Michael Ignatieff Year-end CTV Question Period Interview Wordle, December 2010

The path to success can be derailed by clashes with difficult people, and even if the clash isn't disastrous, it can make your life very unpleasant. Everyone has a store of coping mechanisms that we resort to when we find ourselves in stressful situations. Difficult people force us to fall back on our coping mechanisms. Some of us placate, others confront. Some balk, others become aggressive. When these first-response tactics don't work, when a difficult person makes you tear your hair out in total frustration, you have to dig deeper into yourself and find a better strategy.
First of all, not every difficult person is the same. There are tyrants, curmudgeons, aggressors, the viciously competitive, and control freaks. A psychologist can outline how each beast might be tamed, but on a day-to-day basis, one can adopt a general approach that's the same. It's quite a simple strategy, actually, based on asking three questions.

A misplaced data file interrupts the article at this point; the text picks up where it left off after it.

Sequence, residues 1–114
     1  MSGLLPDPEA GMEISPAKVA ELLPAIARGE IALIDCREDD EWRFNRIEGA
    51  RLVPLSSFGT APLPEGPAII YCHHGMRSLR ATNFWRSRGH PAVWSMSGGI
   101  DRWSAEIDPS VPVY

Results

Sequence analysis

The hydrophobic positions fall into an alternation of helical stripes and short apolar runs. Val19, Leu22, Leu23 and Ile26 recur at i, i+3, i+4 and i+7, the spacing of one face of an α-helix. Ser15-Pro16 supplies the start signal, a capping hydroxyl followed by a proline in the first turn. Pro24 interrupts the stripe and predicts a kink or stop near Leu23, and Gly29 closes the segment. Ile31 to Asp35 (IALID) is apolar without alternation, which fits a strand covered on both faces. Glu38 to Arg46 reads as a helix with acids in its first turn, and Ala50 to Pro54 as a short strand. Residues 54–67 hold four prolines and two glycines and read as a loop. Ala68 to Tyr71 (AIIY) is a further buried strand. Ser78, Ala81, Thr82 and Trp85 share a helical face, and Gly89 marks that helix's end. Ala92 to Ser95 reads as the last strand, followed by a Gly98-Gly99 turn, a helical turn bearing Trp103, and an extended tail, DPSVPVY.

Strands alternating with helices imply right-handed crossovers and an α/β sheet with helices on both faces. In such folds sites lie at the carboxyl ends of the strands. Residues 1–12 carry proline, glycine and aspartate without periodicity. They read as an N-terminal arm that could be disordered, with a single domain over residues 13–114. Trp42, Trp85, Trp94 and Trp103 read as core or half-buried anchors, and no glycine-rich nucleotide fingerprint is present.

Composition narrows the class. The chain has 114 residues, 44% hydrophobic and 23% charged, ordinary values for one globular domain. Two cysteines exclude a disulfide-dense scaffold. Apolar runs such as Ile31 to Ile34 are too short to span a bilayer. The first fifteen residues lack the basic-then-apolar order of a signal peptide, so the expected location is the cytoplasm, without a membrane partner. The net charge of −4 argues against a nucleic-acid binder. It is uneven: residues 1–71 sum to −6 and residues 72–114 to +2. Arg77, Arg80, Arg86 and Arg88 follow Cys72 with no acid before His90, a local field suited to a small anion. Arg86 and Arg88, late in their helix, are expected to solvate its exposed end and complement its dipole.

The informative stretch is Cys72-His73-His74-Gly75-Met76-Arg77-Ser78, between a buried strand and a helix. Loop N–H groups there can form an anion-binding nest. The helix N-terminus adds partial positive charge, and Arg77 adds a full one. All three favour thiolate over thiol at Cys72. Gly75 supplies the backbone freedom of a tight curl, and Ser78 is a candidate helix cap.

1. Can I change the situation?
2. Do I have to put up with it instead?
3. Should I just walk away?
When you ask these questions in a rational frame of mind, you will be able to formulate a workable approach that is consistent and effective. Most people are prisoners of inconsistency. Think about the most difficult person in your life and how you have reacted to them over time. You'll probably find that you sometimes put up with them, sometimes try to get them to change, and other times simply want to stay away. In other words, three tactics have merged in a messy way. You wind up sending mixed messages, and that's never effective.